You can forgive yourself for losing patience with J.J. Abrams’ ever burgeoning Cloverfield universe, with 10 years separating the present day and the original Kaiju shakycam surprise hit, and the tenuous links to that film being the weakest part of last year’s taut and effective character driven kidnap thriller 10 Cloverfield Lane. The Cloverfield Paradox, the new chapter in the franchise, which was, at least somewhat ceremoniously (Super Bowl commercials ain’t cheap, ya know) dumped onto Netflix last week, now claims to reveal the true origins of the series’ famed giant monsters. Or does it just shoehorn them into a largely unremarkable Alien-alike? Yeah, probably…
Originally developed as a wholly unrelated project by the much cooler name of “God Particle” (seriously, just let that roll off the tongue… “God Particle”… somebody name their spacey, operatic prog metal band this immediately), just as 10 Cloverfield Lane began life as the 100% original “The Cellar”, upon firing up The Cloverfield Paradox you’ll immediately think you know what to expect. Okay, this is “one of the these”, a doomed group on a space station with some vague practical mission (using a particle accelerator to somehow cure a war torn earth’s myriad of energy crises, and there, I’ve just spent more time explaining it than the film actually does), things go pear shaped (alternate universes, or something) and the crew gets picked off one by one, either by threats from within or without.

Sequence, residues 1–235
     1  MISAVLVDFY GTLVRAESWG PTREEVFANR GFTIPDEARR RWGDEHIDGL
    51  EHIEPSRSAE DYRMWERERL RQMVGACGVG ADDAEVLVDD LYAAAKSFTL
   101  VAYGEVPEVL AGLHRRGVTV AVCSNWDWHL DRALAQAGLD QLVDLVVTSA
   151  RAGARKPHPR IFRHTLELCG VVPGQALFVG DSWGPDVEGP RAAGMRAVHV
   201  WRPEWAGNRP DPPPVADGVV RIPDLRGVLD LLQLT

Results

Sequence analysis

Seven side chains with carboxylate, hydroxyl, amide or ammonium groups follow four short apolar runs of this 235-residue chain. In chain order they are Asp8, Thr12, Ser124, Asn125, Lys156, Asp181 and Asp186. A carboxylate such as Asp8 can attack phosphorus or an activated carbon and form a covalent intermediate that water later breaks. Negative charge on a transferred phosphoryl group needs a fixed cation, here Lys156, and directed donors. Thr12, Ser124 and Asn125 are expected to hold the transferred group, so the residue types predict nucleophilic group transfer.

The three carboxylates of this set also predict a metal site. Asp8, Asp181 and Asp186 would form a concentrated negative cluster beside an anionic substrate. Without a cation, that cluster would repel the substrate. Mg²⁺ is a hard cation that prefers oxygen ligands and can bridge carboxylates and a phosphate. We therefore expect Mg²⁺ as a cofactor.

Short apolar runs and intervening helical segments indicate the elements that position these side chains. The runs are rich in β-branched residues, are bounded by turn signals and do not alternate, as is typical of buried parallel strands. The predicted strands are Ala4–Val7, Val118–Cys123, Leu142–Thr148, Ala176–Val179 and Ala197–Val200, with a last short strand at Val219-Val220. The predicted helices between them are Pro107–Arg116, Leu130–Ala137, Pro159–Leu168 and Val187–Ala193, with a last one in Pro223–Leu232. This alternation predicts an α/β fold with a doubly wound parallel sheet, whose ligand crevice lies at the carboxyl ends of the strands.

TCP does have a few wrinkles that elevate it beyond your typical SyFy Channel Alien Rip-off of the week though. Ringers like Bridesmaids’ Chris O’Dowd and Elizabeth Debicki of Guardians of the Galaxy Vol. 2 turn in (without spoiling anything) great performances. TCP’s most pleasant surprise though is how unapologetically squirm inducing it can be, with both Carpenter and Cronenberg-esque body horror, blackly comic mayhem in the vein of Re-Animator or Evil Dead 2, and even some very clever space and physics based deaths. The whole affair seems a bit slow paced though, showing more than telling but still having the various mechanics of its jumpy plot lines and explanations barely slot together with any sense of flow or urgency. This is happening now? Okay. No this is why it’s happening. Sure! Hey here’s a cool set piece. Alright. It doesn’t suck but it’s hardly appointment viewing for anyone but the most dedicated of Abrams apologists.
So unlike 10 Cloverfield Lane, which was a great movie slightly tied down by its franchise obligations, The Cloverfield Paradox is an okay movie that’s world building aspirations are neither here nor there, and will only further confound those looking for real answers to the questions still left dangling by the 2008 original. With Director Matt Reeves still reportedly handling WB’s solo Batman effort, and Abrams, of course, being called back to a galaxy far, far away for Episode IX, it’ll probably be a long time, if ever, before anything with the Cloverfield name haphazardly slapped on it is the droid that fans are actually looking for.